by Andy Ruddock
It’s been a terrible World Cup. Germany and Argentina in the final. Again. Mario Balotelli on an early plane back to Italy. James Rodriguez sent home in tears. Neymar almost paralysed. Meanwhile, everyone’s favourite panto villain, Luis Suarez,secures his dream move to Barcelona. This year, nice guys finished last.
All of this raises familiar questions about footballers as role models. Suarez’s infamous transgression provoked predictable concerns about the effects of media on children.Kinder teachers discussed the difficulties of enforcing ‘no biting’ policies when kids can see miscreants getting away with it on screen.
They do have grounds to worry. Albert Bandura, architect of the controversial “Bobo Doll” studies, argued that unpunished screen violence can be a powerful source of social learning.
But there’s much more at stake here than behaviours. Social scientists pretty much agree that there’s a long journey between screen and real anti-social behaviour. Even Bandura concluded that replication required complex patterns of interpretation, motivation and opportunity, which hadnothing to do with media and everything to do with society.
Others have argued that violent television characters – and that is partly what Luis Suarez has become – affect how we think about the world. Succinctly, men who get away with violence time and again in popular culture encourage the view that we live in a ‘mean world’. The main ‘effect’ of these stories is that they erode trust.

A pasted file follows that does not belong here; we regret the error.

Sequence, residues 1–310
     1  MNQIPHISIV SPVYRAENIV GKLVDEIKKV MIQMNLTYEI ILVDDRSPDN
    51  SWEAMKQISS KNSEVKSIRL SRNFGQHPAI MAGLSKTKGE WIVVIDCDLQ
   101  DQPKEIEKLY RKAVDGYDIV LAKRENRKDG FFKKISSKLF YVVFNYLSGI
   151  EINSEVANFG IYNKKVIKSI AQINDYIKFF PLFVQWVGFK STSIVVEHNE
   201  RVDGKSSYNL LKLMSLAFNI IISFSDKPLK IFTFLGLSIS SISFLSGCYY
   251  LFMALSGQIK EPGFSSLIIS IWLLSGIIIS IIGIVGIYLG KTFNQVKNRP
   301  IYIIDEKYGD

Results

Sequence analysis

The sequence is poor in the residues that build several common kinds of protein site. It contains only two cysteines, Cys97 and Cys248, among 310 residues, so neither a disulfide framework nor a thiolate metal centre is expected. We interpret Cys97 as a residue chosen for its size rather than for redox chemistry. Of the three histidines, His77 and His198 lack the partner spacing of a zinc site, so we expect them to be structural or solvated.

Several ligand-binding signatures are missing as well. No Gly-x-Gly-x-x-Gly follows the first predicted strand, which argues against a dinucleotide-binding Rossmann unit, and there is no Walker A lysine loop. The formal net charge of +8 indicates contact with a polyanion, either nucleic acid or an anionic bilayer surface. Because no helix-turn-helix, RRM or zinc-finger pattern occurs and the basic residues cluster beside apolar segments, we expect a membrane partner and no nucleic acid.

We think that, other than our friends and family, the world is a mercenary place full of people who will do anything to get over. And right now, before the final, that seems to be Brazil’s main lesson.
But hang on. It’s been a great tournament, hasn’t it? Tim Cahill gave a masterclass on superstar dignity. Belgium flipped a much-needed bird to European fascism. The group stages were full of the sense that anything could happen in a truly global game. The only real disappointment has been that no referee tried to belittle a haughty defender by spraying him in the face with squirty cream.
All of which reminds us that the role model question is really about how we use football players as resources to imagine what we would like the world to be like.
The most erudite explanation of this process comes from literary scholar Grant Farred. In his bookLong Distance Love, Farred explains how his journey toward Ivy League success started with his passions for Liverpool Football Club and John Barnes.
As a boy in apartheid-era South Africa, football was an international media language that helped him articulate his experiences with global political struggles. And Barnes was a vital ingredient in this intellectual project.
By the 1980s, Farred’s love of Liverpool FC was chafing against his political identity. A generation of black players flourished in English football, but none had established themselves at the famous Merseyside club. Was this an expression of institutional racism? Did this leave Farred walking alone?
Barnes success at Liverpool in the late 1980s reconciled this personal/political conflict. So much so that the literature professor wrote a book about it.
He even travelled to Liverpool to talk about the project. There, one gloomy Wednesday afternoon, I sat with a dozen or so other people listening to Farred speak. It was just like any other seminar until the door opened and in walked … John Barnes.
There could scarcely have been a more authentic endorsement of the argument that popular culture matters. Barnes fully accepted that his career was implicated in racial politics. He didn’t think he was just a player. He did think that he counted for more than his ability to dribble past the entire Brazilian team and score in the Maracana stadium that will host tonight’s final.